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November 1999 - Page 20

NIJ.!qE''''PFlo:ros '/Jy thf! author; others as indicated
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a nd B enter Spencer yard on the Northern Virginia Model Railroaders' layout.
1 ,600 lb. per hour steam generator supplied train heat. The F3A unit measured 50' 8 " long; the F 3 B w a s 5 0 '. L o a d e d , e a c h w e i g h e d 230,000 I b s . and carried 1 ,200 gallons o f diesel fuel , 200 gal lons o f lubricating oil, and 1 6 cubic feet of sand. The carbody was the same as the F2, with four raised fans and, in the early mode l s , s m a l l num ber boards. Most modelers are aware that the F3 can be classified into four "phases." The Phase I F3s had four raised fans, three port holes on each side, dynamic-brake grids on the roof, "chicken wire" instead of a fil ter gri I Ie, and rode on H yatt rol l er-beari ng trucks. These early trucks had both l arge box and sloped journals. The Phase IT F3s began to come off the production line in early 1 947. At first, these had raised fans, then low ones. They had only two portholes on each side, with four louvers between them. The d i stinguishing feature o f the Phase II unit is the g r i l l e c h i c ken w i re that extends down the s i de between the two portholes. Phase I I s also had large "bug-eye" numberboards, a feature that continued through F9 production. The Phase III units, produced in 1 948, had four louvers and two portholes with no chicken w i re between them. Finally, the Phase IV units had Farr air grilles, making them look exactly l ike the F7. The Phase IV F3s are sometimes called F5s. The F3 was a big seller. EMD sold I , I I I cab units and 695 boosters. The biggest pur chaser was the Union Pac i fi c , with 89 A units and 90 boosters. Virtual ly every Class I rai lroad in the country, with a few notable exceptions, such as the Norfolk & Western and the D e l aware & H ud s o n , p u rc h ased them. The F3 gave EMD a solid hold on the mainline diesel market for 1 5 years, helping to establ ish it as the preeminent locomotive builder in postwar America.

L A e ic ail d d SP n ew motive power. Some received FTs and F2s during the war, but these were hardly enough to fil l the gap. Steam locomotives that had been retired were brought out of storage during the war to sati sfy the vast re quirements it placed on America's rail trans portation system. EMD i n tr o d u c e d i t s F3 in A u g u s t of 1 945 , s e n d i n g d e m o n s trators across the country on a 1 00,000-mile tour designed to convince the railro'ads to purchase the new model. However, EMD was really in the dri ver's seat. The War Production Board had prohibited EMD's competitors from produc ing road units during the war. Limited to the switcher un i ts they were a l l owed to bu i ld, they were in no position to challenge the F3 . With this lack of competition, and the rail roads' great need for mainline motive power, the F3 would have been a big seller even if it had not been so well built. The F3 went into production in October of 1 946 w i th both cab and booster u n i ts available. This gave owners the flex ib i lity they needed to mix and match motive power for each part i c u l ar task. The F3 boasted many improvements over the Ff1F2 models. These i nc l u ded : a new generator, w h i c h could produce both AC and D C current for smoother operation; a new cooling system which al lowed any or all of the 36" roof fans to operate as needed; modular construction in the electrical and plumbing systems, mak ing maintenance and repair easier; and a 2cycle 1 6-cy l i nder series 567 pri me mover rated at 1 , 500 horsepow e r, u p fro m the Ff/F2 's 1 ,350. For passenger service, a new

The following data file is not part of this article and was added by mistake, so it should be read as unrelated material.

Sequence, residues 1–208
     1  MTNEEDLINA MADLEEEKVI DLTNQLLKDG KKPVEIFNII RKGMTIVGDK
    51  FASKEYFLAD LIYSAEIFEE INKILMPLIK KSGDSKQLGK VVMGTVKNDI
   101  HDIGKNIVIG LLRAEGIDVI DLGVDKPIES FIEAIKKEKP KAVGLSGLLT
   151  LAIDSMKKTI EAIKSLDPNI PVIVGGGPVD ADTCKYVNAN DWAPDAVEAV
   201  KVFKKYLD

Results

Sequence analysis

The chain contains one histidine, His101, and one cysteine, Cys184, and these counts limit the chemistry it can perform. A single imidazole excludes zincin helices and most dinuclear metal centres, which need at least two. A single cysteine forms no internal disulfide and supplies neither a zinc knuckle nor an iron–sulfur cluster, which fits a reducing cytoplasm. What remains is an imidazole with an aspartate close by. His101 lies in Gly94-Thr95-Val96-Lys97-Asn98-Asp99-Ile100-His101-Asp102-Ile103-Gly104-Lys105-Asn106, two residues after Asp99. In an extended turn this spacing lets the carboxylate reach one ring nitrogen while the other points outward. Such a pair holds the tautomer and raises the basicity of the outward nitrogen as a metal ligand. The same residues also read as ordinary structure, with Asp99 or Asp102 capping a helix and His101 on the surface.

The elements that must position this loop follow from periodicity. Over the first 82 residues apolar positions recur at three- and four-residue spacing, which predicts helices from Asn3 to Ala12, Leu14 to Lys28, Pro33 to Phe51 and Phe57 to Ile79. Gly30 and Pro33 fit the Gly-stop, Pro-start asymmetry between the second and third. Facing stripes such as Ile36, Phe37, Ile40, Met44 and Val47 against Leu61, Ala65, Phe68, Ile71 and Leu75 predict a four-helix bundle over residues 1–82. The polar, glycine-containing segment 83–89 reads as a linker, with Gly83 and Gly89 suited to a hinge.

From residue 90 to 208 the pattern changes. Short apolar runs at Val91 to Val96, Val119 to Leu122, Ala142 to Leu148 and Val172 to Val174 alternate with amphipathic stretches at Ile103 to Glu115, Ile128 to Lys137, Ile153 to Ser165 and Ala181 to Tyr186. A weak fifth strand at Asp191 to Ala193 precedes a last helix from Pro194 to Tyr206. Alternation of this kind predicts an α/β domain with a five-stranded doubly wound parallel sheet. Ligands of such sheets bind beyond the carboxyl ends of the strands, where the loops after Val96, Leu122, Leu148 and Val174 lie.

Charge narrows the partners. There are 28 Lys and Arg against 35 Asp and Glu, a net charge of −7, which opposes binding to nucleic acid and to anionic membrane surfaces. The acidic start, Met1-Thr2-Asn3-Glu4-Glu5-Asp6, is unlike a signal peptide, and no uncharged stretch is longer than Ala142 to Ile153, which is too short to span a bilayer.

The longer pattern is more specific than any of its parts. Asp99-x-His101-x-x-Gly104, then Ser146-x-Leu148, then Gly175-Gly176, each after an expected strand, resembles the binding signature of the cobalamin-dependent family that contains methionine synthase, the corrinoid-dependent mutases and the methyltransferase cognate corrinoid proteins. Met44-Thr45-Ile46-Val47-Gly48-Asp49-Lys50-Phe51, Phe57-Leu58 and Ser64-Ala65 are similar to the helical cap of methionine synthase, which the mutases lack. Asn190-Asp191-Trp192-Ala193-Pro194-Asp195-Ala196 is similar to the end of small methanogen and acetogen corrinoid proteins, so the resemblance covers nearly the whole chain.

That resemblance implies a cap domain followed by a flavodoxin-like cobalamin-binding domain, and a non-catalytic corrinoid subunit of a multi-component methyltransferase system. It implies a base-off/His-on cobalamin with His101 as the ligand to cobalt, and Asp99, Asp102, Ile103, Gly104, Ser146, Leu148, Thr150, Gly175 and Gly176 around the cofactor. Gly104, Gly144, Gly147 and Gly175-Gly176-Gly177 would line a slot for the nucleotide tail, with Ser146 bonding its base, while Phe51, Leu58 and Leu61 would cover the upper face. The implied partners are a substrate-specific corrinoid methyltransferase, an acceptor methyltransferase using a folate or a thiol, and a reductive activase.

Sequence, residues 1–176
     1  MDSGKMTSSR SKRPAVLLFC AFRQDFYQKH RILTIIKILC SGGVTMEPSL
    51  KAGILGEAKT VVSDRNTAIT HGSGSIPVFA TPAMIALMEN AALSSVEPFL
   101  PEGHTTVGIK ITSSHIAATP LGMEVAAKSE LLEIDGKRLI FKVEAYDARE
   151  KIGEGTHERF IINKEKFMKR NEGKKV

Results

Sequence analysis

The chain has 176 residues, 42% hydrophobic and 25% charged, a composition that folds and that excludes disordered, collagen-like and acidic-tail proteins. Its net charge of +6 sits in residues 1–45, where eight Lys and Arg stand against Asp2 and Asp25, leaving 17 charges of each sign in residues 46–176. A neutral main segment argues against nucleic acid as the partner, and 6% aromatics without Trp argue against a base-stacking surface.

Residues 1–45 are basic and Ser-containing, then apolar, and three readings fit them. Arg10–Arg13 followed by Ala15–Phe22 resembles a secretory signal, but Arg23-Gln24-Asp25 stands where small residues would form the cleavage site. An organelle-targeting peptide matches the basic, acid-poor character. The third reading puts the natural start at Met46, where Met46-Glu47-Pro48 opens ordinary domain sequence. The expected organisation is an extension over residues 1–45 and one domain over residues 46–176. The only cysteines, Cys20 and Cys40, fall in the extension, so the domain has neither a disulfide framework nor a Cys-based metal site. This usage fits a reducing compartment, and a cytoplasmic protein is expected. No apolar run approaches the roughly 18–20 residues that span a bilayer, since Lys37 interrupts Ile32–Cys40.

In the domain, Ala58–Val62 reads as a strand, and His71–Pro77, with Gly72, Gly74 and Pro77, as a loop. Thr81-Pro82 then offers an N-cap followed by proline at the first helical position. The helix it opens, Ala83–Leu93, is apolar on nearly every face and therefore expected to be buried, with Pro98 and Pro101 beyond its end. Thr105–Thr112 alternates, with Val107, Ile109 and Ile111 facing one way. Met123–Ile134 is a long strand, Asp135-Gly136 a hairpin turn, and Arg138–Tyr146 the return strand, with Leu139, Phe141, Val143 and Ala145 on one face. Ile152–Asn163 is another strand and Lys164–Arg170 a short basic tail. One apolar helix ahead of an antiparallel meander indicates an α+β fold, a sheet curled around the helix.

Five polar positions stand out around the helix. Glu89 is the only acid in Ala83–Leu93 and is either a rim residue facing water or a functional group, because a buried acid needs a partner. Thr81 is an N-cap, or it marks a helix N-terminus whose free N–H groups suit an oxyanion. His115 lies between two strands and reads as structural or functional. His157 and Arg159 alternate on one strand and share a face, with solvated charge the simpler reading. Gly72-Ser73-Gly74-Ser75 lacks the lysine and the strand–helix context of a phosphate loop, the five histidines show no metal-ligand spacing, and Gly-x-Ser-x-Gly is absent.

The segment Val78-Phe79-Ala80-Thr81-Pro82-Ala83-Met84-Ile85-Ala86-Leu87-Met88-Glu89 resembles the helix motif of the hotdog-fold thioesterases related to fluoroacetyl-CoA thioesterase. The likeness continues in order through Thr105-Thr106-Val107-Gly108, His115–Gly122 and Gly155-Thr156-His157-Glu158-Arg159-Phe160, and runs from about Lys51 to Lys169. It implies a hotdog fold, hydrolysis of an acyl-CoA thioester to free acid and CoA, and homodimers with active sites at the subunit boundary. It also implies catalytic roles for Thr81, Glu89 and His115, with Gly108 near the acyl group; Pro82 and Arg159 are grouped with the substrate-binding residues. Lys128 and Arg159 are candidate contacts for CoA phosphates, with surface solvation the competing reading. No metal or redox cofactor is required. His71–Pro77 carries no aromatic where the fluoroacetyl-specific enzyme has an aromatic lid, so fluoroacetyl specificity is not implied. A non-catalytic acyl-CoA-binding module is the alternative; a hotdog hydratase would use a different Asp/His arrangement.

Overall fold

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At the end of World War I I , the Maine Central was conducting joint operations with the Boston and Maine Railroad. The MEC h a d trac k s in M a i n e , Ver m o n t a n d New Hampshire, although its equipment could be fou n d throughout the B & M system. The MEC's fleet was considerably smaller than B & M 's , and its backbone during the ' 50s was its covered wagons, its G P7s, and its various switchers. The Maine Central began its diesel iza tion program in 1 933 with the purchase of a St. Louis Motor Car, #90 l . It continued with the purchase of an EMC articulated train in 1 93 5 , dubbed The Flying Yankee a nd later The Cheshire. T he MEC began purchasing fre i g h t d i e s e l s when i t b o u g h t two A l co HH660 switchers in 1 939. As a small road, the MEC cou ld obtain only a couple of other switchers during the war. MEC's first F3s were Phase II units with low fans, dynamic brakes, steam generators and Hyatt roller-bearing trucks with sloped journals. They were delivered in December of 1 947 in a beauti fu l maroon, b l ack and D u l u x g o l d p a i n t s c h e m e s i m i l a r to the B & M ' s . The M EC b o u ght t w o A lB sets, numbered 67 1 A , 67 I B and 672A, 672B. In postwar New England, passenger operations were a significant part of the rai lroad busi ness, and both the M EC and the B&M pur chased diesels with this in mind. Both roads
N O VE M B E R 1 999


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